After driving into a ditch in the worldwide economic meltdown, commercial real estate is on the road to a comeback way too quickly and could end up crashing again, real estate veterans warn.
Industry executives are concerned that rising real estate prices and easing loan terms — at least for stable properties — are higher than real estate fundamentals, which include measures such as occupancy and rent rates.
Commercial real estate has had a history of highs and lows but, in the past, the industry has taken much longer to recover, said Jacques Gordon, global strategist at LaSalle Investment Management, Chicago. After a recession that economists have compared in severity to the Great Depression, the upswing in commercial real estate should be taking longer than usual, not shorter, he said.
And this is not solely a U.S. market phenomenon, but also a worldwide one. Prices around the globe are outstripping real estate fundamentals, Mr. Gordon said.
“Investment managers need to be cautious and thoughtful,” he said.
The NCREIF Property Index has been positive for six quarters in a row. The total return for the year ended June 30 was 16.7%, with much of that coming from the increase in the value of the properties. A year earlier, the return was -1.48%.
There are warning signs leading money managers to factor in a double-dip downturn in their commercial real estate investment scenarios.
For example, Mr. Gordon said, there is little reason that office buildings in good locations should be selling at high prices when unemployment rates are still at record highs.
According to the NCREIF Property Index report, the one-year return for the period ended June 30 for properties located on the West Coast was 15.7%, with 8.7% appreciation. Meanwhile, in June the seasonally adjusted unemployment rate in California was 11.8%; Oregon, 9.4%; and Washington, 9.2%, according to the U.S. Department of Labor, Bureau of Labor Statistics. California's unemployment has been in the double digits since 2009.
“We're getting an earlier-than-expected return to development, value-added real estate investment and leasing,” Mr. Gordon said. “We're shifting back to value added ahead of real improvement in the economy.”
Real estate is an aggressive market, noted Gregory Walz, managing director for Northwestern Investment Management Co., Milwaukee, a real estate lender during a panel at the NCREIF Summer Conference, in Chicago July 13-14. “It's (this market) too frothy, too quickly.”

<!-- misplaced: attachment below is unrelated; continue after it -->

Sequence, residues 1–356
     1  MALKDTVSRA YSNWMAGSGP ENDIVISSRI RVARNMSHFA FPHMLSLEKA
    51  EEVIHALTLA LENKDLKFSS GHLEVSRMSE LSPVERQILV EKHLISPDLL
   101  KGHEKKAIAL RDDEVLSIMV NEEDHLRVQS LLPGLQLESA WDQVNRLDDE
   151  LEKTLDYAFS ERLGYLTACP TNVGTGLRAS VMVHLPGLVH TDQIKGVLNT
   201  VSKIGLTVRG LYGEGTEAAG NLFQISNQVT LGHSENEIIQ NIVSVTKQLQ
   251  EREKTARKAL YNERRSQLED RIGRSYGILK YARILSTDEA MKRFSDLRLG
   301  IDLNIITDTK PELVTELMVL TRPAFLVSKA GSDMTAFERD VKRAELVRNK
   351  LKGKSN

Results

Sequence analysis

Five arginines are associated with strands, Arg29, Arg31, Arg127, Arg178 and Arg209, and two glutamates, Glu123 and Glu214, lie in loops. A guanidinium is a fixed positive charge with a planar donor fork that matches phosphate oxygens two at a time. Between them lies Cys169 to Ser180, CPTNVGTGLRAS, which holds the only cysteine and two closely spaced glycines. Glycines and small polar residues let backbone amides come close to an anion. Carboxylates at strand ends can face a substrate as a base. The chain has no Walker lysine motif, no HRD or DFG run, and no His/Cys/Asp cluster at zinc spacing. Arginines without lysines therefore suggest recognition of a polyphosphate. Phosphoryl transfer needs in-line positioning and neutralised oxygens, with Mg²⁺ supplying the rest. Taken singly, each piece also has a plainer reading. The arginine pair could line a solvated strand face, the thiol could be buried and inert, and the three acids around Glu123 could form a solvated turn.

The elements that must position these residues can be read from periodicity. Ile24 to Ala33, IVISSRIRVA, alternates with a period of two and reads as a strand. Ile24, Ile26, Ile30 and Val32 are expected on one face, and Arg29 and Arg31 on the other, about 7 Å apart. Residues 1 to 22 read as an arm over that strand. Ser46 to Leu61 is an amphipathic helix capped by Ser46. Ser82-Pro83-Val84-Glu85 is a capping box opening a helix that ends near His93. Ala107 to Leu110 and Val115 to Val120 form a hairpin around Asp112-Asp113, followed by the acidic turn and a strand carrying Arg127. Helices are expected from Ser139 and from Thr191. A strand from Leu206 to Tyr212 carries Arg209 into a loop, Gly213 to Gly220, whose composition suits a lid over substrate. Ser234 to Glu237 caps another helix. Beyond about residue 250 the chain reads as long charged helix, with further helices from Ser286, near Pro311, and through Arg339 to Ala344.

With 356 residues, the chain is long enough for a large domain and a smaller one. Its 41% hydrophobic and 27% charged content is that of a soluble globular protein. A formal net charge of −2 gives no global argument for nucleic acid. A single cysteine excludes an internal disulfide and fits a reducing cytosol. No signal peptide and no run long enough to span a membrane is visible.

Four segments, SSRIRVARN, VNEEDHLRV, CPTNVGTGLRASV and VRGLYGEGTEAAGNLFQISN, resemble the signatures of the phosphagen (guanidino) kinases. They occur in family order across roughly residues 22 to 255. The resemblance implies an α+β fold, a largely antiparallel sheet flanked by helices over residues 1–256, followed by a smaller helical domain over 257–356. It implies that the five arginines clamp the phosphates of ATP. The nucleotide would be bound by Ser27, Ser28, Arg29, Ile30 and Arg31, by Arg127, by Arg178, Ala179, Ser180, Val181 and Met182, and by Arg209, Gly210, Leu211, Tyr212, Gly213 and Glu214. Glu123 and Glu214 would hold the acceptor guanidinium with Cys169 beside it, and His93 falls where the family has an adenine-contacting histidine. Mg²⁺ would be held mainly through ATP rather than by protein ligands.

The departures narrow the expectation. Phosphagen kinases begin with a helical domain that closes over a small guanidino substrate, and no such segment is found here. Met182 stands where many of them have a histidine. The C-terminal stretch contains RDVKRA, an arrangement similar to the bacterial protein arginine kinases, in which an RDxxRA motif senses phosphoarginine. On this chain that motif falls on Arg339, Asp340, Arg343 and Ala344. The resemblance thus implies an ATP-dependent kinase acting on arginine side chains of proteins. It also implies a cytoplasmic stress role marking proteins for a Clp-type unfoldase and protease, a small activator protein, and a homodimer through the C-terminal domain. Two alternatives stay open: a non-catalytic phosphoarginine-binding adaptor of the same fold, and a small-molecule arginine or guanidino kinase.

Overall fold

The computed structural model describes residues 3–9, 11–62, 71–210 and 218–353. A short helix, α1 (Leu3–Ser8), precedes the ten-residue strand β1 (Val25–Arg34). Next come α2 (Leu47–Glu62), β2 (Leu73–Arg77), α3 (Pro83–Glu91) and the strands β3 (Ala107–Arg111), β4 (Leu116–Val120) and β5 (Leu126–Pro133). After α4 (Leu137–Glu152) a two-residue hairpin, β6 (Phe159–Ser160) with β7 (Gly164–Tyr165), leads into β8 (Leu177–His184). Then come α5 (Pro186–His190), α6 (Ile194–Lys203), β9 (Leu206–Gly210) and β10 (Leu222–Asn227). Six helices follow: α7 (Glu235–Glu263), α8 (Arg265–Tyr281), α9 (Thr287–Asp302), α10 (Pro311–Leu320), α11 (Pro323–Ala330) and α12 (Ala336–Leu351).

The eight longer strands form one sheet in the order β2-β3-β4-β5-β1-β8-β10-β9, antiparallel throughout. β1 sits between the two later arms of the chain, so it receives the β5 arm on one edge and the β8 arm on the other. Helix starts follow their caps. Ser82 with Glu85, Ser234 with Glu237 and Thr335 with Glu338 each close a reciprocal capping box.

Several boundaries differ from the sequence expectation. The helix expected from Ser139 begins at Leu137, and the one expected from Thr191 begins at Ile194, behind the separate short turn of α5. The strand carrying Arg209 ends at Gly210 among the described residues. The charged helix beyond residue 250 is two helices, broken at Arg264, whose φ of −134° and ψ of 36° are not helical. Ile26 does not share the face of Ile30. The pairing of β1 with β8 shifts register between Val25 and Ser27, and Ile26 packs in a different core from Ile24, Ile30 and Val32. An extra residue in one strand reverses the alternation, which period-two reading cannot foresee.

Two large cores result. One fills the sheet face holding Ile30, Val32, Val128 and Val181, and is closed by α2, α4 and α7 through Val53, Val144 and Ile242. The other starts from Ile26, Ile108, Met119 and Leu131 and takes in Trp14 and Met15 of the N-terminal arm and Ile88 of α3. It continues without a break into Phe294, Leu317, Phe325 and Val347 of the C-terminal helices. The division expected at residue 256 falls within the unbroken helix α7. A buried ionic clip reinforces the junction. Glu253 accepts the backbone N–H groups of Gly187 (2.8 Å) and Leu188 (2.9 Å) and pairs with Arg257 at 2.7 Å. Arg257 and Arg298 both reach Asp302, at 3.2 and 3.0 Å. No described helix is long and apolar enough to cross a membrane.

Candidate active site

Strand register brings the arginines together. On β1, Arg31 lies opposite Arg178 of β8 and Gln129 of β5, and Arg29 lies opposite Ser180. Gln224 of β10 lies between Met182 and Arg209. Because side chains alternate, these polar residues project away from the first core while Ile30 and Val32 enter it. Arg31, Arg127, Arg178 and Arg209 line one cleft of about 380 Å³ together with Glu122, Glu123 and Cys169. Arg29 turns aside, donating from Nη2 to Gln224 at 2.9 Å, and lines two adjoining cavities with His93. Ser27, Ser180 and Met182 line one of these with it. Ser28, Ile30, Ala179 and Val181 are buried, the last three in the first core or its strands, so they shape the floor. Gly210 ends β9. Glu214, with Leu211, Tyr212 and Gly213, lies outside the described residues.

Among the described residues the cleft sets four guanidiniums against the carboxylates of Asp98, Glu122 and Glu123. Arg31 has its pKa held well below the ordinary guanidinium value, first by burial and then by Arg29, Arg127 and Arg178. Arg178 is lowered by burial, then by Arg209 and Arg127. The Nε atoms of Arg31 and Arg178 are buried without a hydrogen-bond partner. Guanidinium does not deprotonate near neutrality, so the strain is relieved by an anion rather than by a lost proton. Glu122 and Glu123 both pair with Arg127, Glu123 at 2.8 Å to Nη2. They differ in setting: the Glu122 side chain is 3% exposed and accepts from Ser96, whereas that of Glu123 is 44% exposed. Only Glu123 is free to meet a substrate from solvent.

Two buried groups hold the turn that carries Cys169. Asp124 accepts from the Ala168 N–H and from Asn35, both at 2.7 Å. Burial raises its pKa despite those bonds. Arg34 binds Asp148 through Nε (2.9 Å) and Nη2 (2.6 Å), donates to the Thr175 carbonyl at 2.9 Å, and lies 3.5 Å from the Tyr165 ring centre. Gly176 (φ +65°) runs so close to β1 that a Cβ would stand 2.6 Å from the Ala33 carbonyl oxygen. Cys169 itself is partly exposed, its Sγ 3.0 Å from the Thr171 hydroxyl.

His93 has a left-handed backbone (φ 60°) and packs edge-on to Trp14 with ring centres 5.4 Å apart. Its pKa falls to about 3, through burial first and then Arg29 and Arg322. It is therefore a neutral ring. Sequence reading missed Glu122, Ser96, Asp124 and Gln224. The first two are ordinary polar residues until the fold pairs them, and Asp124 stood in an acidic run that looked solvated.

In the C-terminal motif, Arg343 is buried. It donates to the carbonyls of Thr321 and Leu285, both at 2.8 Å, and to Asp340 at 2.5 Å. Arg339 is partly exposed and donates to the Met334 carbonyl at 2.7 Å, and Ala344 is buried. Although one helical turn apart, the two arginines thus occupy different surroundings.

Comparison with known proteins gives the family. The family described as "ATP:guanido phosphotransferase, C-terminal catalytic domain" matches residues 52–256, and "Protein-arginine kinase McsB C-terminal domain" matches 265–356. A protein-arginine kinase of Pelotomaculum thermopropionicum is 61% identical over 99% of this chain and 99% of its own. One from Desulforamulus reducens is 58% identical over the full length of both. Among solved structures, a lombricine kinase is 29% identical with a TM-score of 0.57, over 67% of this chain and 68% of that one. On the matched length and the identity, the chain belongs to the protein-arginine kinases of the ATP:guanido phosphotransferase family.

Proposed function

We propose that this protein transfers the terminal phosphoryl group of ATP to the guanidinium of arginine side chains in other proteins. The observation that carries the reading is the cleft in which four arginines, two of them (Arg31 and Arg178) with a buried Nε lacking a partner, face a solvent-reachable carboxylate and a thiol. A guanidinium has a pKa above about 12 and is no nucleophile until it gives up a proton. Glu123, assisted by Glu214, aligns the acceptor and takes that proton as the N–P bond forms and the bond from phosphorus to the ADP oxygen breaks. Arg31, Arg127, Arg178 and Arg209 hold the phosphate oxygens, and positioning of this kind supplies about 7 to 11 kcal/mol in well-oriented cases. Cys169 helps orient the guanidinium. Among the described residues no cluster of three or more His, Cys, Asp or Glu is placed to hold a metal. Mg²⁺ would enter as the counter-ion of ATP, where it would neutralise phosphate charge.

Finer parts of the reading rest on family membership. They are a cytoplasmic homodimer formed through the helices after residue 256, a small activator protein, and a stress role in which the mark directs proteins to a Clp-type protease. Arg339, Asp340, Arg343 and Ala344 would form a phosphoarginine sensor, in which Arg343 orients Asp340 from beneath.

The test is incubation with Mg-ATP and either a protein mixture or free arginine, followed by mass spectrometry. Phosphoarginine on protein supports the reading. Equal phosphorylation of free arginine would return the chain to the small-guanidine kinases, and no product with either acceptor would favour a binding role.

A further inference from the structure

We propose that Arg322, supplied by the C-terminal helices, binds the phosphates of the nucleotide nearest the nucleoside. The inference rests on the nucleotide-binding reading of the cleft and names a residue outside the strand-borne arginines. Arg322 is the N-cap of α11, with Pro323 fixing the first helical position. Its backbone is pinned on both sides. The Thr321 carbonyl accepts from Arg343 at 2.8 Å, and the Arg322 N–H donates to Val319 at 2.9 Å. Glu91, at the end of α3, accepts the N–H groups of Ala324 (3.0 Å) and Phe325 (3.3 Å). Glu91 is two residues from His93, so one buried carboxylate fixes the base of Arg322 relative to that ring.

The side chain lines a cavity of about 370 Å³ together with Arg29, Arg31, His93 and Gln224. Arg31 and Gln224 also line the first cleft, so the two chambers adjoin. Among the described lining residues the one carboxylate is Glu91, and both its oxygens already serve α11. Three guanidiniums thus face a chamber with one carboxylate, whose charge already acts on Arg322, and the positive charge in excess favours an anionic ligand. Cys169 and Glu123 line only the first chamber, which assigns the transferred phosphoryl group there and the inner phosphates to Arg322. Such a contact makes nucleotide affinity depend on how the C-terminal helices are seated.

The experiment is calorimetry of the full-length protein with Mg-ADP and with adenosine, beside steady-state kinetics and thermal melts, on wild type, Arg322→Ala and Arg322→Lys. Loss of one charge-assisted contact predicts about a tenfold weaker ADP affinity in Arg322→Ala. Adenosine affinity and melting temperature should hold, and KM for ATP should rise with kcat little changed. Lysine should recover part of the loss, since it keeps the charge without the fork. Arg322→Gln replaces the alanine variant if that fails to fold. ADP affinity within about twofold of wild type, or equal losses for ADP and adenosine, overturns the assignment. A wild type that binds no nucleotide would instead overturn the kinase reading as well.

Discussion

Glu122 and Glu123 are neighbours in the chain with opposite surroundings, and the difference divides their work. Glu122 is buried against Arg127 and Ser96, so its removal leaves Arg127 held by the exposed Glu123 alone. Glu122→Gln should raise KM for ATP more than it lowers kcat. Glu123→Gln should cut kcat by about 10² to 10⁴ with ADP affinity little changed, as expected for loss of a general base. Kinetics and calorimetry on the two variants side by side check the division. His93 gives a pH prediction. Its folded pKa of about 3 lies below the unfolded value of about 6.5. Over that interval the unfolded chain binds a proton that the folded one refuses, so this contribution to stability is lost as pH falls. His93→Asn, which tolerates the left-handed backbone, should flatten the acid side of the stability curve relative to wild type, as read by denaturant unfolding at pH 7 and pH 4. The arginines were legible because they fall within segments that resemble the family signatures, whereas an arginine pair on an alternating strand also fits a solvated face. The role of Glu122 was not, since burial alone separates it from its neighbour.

At the same time, the loans in commercial mortgage-backed securities issued before the crisis are starting to come due. Those loans generally are the less stabilized, class B properties that are not performing well, Mr. Minerd said.
“Given these loans are coming due in the CMBS conduits, it's really starting to raise serious questions about the ability to refinance CMBS,” he said.
If CMBS loans cannot be refinanced, that could cause all commercial real estate prices to plummet, Mr. Minerd said.
“The world has not fully awakened to the refinancing risk yet,” he said. “The implications could be another setback of commercial real estate prices, especially in the B-class buildings, which by the way, are the majority of the buildings.”
Even managers who do not expect a second real estate market crash are factoring the possibility of one into their investment plans.
The old, pre-crisis world was influenced by Yale University CIO David F. Swenson's model, “where it is OK to embrace illiquidity and get the premium from appreciation,” said Katherine Burr, CEO of Loja Group LLC and president and chief operating officer of subsidiary Loja Real Estate LLC, Walnut Creek, Calif.
“It turned out that the only valuable asset was the one that was ignored the most — and that was cash,” she said.
In today's world, the focus is on income.
“Institutions have to look to make sure that the income is there,” Ms. Burr said. “Everyone should at least be factoring a double dip (in real estate) into their thinking.”
Mr. Gordon, meanwhile, said: “LaSalle Investment Management is trying to stay ahead of the game. We're trying to avoid too much capital chasing too little product.”